Santa Barbara County Coastal Resiliency Project
The County of Santa Barbara (County), in collaboration with staff from University of California, Santa Barbara and the Cities of Carpinteria, Santa Barbara, and Goleta are working with a consultant to model sea level rise and other coastal hazards along Santa Barbara County’s coastline. The modeling effort will identify planning level changes in coastal erosion, coastal flooding, and fluvial flooding extents looking at Carpinteria Creek. Ultimately, the results from this project will be used to promote policies and programs that mitigate impacts from coastal hazards.
The project approach is based off of The Nature Conservancy’s Building Coastal Resilience for Disaster Risk Reduction and Climate Adaptation project. Specifically, the project approach tiers off of the Coastal Resilience Ventura project. Since the Coastal Resilience Ventura project is currently underway, it presents a great opportunity for collaboration and cost efficiencies for the County given that both Counties share the Southern California Bight maritime system and have developed a BEACON Joint Powers Authority that represents coastal and beach related interests for all jurisdictions in Santa Barbara and Ventura County (SB littoral cell). Most importantly, since the Coastal Resilience Ventura project has completed cataloguing and analyzing their community’s local sea level rise planning tools, project participants can share models and lessons learned with Long Range Planning staff as they develop the policy and planning tools database for Santa Barbara County.
Phase I of the project is a technical component that includes modeling future coastal hazard scenarios,visually mapping these zones, and drafting a Vulnerability Assessment for the unincorporated county. All modeling will be based on the best available science on sea level rise and includes three sea level rise scenarios (ex: low, medium, high) and three planning timescales (ex: 2030, 2050, 2100). The coastal hazards modeling will provide useful information for making high resolution planning level decisions, e.g. parcel scale. Hazard zone maps created from the models will illustrate potential future conditions and uncertainties associated with the projections. The hazard zone maps for Jalama Beach County Park south to Rincon Point are available on The Nature Conservancy’s Coastal Resilience webpage here. The hazard zone maps for the Santa Maria River south to Jalama Beach County Park will be available on The Nature Conservancy’s Coastal Resilience webpage in Winter of 2017.
Results from the coastal hazards modeling along with stakeholder engagement will help with the creation of the vulnerability assessment and enable staff to analyze impacts to the County’s coastal zone under different climate scenarios. Critical habitats, endangered species, at-risk populations, and important resources and infrastructure will be identified within the County.
Additionally, a Policy and Planning Tool database will combine different policies and planning tools utilized by many jurisdictions into one catalogue for the entire Santa Barbara County. The database will include existing, proposed, and innovative coastal hazard planning policies and planning tools utilized around the state by the California Coastal Commission and other state agencies. Planners, decision makers, and stakeholders will be able to rank policies and tools within the Database. This can be utilized by County staff and staff from the County’s incorporated cities to help them to make informed decisions.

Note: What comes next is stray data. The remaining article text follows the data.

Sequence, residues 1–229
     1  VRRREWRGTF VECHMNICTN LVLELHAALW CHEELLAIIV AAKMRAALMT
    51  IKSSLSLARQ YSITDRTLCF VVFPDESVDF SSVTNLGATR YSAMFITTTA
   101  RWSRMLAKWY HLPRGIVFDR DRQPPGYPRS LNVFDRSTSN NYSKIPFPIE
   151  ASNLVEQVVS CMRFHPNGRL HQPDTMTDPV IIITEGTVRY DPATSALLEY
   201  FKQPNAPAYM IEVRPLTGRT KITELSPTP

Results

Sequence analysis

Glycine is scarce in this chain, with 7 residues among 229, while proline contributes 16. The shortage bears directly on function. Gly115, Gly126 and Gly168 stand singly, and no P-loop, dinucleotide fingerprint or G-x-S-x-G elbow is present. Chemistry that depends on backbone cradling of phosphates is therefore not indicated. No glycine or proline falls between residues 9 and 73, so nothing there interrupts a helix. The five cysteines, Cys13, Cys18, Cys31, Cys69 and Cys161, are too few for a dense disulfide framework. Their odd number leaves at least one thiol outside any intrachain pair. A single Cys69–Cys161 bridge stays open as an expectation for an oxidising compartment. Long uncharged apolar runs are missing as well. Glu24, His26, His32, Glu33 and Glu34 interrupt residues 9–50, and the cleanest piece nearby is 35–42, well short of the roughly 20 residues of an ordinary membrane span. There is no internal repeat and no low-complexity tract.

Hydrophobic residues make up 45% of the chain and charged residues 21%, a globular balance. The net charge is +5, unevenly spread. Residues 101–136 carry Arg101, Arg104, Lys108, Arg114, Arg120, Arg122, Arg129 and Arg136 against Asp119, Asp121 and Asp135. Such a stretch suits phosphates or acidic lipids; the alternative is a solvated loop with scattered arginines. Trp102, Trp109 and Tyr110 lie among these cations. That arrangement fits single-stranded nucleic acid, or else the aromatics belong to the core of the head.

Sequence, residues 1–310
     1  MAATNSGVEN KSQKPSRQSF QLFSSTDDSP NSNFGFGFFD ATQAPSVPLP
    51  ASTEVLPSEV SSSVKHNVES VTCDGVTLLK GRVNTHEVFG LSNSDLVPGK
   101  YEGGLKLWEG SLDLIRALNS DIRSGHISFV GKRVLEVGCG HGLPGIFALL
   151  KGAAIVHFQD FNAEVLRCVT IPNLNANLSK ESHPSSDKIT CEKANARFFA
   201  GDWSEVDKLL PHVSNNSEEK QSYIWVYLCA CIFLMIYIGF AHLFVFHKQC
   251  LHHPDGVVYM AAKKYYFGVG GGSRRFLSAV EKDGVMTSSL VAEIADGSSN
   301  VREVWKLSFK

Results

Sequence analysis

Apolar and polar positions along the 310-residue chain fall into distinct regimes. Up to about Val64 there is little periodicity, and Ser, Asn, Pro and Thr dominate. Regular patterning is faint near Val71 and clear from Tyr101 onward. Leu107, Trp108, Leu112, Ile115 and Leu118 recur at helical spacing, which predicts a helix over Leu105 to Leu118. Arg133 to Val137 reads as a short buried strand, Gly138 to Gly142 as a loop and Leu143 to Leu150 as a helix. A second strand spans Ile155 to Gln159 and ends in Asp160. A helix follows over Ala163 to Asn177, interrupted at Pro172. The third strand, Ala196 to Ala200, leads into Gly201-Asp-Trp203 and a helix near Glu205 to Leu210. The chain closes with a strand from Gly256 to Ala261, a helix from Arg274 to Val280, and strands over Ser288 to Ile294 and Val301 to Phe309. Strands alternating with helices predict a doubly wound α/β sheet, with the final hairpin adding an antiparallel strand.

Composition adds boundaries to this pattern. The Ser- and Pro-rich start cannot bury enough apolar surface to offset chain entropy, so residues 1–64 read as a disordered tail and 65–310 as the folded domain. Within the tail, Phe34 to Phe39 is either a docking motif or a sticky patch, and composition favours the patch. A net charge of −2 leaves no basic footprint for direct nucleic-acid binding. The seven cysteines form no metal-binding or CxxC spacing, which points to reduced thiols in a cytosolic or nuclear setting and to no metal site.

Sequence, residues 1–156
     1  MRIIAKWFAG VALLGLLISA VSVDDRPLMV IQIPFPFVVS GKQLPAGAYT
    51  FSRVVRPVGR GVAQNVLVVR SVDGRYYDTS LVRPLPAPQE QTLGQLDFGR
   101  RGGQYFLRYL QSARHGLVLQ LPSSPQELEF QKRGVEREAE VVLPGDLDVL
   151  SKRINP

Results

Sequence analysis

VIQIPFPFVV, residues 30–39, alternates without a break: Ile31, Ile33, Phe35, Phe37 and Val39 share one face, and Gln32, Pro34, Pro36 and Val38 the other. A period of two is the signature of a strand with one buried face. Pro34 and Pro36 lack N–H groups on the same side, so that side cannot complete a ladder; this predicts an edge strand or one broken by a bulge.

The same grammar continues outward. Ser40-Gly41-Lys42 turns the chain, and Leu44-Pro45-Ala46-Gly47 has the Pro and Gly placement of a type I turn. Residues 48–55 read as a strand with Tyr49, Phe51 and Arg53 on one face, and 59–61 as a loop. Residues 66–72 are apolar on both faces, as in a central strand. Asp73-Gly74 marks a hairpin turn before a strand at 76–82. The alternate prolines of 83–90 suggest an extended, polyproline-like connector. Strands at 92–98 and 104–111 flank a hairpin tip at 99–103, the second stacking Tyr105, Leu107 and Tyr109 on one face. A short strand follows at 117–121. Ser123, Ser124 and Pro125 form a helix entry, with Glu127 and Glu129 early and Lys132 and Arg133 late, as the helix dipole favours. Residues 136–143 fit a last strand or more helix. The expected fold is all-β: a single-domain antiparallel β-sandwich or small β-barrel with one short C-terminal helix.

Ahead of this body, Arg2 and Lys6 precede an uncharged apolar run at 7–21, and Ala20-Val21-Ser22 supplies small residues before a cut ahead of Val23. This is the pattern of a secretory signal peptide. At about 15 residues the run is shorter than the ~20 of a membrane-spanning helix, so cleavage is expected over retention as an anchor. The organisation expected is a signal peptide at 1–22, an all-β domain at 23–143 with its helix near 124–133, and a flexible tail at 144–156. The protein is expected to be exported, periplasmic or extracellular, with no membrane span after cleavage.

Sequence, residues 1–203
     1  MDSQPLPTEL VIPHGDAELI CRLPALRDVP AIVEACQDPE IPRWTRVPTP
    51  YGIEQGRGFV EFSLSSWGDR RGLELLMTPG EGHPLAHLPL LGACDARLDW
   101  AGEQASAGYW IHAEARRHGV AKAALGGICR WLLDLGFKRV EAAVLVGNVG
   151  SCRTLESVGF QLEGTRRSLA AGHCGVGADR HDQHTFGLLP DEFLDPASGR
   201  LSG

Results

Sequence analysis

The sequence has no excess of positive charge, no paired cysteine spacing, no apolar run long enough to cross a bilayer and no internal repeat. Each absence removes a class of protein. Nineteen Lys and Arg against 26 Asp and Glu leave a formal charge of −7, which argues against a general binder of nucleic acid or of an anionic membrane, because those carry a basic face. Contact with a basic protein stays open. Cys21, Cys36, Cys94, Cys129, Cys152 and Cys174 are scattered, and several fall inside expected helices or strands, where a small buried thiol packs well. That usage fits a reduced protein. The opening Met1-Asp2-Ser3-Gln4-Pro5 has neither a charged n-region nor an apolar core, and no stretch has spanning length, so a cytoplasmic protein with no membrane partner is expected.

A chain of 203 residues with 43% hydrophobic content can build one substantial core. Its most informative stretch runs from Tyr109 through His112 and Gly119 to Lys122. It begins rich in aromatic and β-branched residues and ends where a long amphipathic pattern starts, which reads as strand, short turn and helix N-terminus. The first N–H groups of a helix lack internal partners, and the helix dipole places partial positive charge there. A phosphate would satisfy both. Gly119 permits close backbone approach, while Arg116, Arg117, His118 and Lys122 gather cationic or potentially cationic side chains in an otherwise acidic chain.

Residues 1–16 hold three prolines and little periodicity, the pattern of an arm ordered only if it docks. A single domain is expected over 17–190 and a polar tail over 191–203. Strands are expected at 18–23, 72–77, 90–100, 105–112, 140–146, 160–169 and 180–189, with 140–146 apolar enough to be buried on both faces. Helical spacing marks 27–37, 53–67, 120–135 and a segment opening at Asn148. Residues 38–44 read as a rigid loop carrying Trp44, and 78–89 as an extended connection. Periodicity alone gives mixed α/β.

The County received funding from the California State Coastal Conservancy’s Climate Ready Grant Program and the Ocean Protection Council, Coastal Commission, and State Coastal Conservancy’s Local Coastal Program Sea Level Rise Adaptation Grant Program in order to implement the first phase of the Coastal Resiliency Project.
Phase II will involve adaptation planning and a coastal hazards Local Coastal Program (LCP) amendment. Maps of future scenarios and vulnerable resources will prove invaluable when incorporated into long-term policy decisions and short-term permit decisions by staff, decision-makers and stakeholders. The project’s databases will help develop scientifically sound and robust qualitative adaptation strategies and identify appropriate management options for dealing with coastal hazards. These qualitative adaptation strategies and management options will provide climate information needed to develop new or enhance existing LCP policies and implementing ordinances. County staff will engage stakeholders to develop these new and enhance LCP policies that will update the Coastal Land Use Plan and future Community Plan efforts. Additionally, the County’s Coastal Zoning Ordinance will be updated to include development and land use regulations in a proposed Coastal Hazard Overlay Zone to guide the form and intensity of new and remodeled projects to moderate coastal hazard risks.
The County received funding from the State of California Coastal Commission’s Local Coastal Program (LCP) Local Assistance Grant Program and the Ocean Protection Council, Coastal Commission, and State Coastal Conservancy’s Local Coastal Program Sea Level Rise Adaptation Grant Program in order to implement a portion of Phase II of the Coastal Resiliency Project. The County will pursue grant funding for the quantitative Adaptation Plan.
South Coast Modeling Kick-off Meeting # 1
July 28, 2014
Initial Coastal Hazard Results Workshop # 2
February 10, 2015
North Coast Modeling Kick-off Meeting #3
August 11, 2015, 9 am to noon
South Coast Modeling Final Hazard Results and Vulnerability Assessment #4
August 11, 2015, 1 pm to 5 pm
Vulnerability Assessment Results and Policy Discussion #5
September 26, 2016, 1:30 pm to 4:30 pm
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Recent News Articles and Media
Santa Barbara Independent - "King Tides Give Glimpse of Future Sea Level Rise"